On the Sunday morning talk show circuit, Secretary of State Mike Pompeo made multiple appearances to again emphasize the economic gains North Korea could secure by dismantling their nuclear program. He promised sanctions would be lifted and would pave the way for private American investment in the isolated North Korean economy.
Pompeo had promised last week that North Korea would get “peace and prosperity” for the end of its nuclear program, and on Sunday reiterated that the US would give them economic prosperity to rival South Korea.
Now, however, Pompeo insists no US taxpayer dollars are to be invested, and this prosperity is purely to be the result of private US investment and a lack of sanctions. Either way, it appears incredibly optimistic to believe North Korea’s disastrous command economy could be quickly a rival of one of the world’s richest nations.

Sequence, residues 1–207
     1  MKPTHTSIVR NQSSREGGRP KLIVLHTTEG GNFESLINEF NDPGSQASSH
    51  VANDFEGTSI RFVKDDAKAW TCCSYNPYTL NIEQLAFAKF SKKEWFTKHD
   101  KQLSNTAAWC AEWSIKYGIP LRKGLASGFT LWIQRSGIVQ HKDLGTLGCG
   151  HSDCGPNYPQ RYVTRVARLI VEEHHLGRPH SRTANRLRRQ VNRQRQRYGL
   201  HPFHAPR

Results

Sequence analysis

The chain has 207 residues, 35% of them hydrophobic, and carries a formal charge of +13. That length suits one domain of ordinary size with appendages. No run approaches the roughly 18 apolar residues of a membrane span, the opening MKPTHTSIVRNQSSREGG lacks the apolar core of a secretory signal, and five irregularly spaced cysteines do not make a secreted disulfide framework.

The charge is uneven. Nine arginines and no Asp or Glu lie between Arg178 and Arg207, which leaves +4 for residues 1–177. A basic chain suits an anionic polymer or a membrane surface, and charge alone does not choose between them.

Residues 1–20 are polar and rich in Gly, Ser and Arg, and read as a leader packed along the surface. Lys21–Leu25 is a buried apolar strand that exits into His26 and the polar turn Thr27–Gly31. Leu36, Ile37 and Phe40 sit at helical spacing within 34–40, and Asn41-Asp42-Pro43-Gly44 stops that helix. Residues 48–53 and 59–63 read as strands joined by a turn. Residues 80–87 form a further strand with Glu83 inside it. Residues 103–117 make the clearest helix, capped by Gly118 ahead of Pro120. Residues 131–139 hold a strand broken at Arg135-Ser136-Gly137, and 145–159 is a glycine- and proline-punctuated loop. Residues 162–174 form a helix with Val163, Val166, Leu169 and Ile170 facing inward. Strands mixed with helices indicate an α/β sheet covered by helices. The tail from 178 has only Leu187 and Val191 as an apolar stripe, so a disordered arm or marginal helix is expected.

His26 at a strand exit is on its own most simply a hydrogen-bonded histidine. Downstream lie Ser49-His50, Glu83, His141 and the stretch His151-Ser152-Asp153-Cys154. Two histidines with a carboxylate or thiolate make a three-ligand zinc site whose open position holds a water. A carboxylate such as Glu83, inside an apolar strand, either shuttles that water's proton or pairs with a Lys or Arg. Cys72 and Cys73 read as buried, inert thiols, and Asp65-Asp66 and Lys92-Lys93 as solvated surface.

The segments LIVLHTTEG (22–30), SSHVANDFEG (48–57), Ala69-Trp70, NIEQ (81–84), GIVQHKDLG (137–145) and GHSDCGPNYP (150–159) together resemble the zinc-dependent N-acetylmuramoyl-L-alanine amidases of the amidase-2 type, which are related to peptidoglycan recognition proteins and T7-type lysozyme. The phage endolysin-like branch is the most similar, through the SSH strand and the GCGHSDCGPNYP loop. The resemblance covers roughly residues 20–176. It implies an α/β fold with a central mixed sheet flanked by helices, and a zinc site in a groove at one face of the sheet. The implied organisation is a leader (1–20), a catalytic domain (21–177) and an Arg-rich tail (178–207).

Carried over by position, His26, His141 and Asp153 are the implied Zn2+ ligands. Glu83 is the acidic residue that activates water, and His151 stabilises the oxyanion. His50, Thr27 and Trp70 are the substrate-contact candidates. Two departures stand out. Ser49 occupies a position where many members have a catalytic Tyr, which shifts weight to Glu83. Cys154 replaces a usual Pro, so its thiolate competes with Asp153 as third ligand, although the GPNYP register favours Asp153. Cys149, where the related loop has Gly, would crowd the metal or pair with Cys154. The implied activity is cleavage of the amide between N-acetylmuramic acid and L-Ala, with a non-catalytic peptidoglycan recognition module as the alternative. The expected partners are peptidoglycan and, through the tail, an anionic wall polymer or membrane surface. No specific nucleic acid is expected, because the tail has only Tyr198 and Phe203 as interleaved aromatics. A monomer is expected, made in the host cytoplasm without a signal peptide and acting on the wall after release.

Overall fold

Foreign investment can clearly have an enormous impact in the right circumstances, though North Korea’s economy is not currently organized to allow such investments, whether or not the US makes them legal. This would require a dramatic liberalization of North Korea’s economy to even attempt.
South Korea’s offers of railroads and power plants are likely to have an immediate impact, and are tangible things they can deliver to the north. Pompeo’s offer is meant to sound grander, but seems unlikely to be deliverable in any kind of timely fashion.